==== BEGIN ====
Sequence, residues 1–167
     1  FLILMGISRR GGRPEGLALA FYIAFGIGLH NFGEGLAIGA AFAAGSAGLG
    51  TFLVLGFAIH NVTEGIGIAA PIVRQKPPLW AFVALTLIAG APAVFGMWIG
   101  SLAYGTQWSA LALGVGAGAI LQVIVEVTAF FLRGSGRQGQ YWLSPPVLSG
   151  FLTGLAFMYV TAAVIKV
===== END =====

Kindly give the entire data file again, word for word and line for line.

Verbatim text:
Sequence, residues 1–167
     1  FLILMGISRR GGRPEGLALA FYIAFGIGLH NFGEGLAIGA AFAAGSAGLG
    51  TFLVLGFAIH NVTEGIGIAA PIVRQKPPLW AFVALTLIAG APAVFGMWIG
   101  SLAYGTQWSA LALGVGAGAI LQVIVEVTAF FLRGSGRQGQ YWLSPPVLSG
   151  FLTGLAFMYV TAAVIKV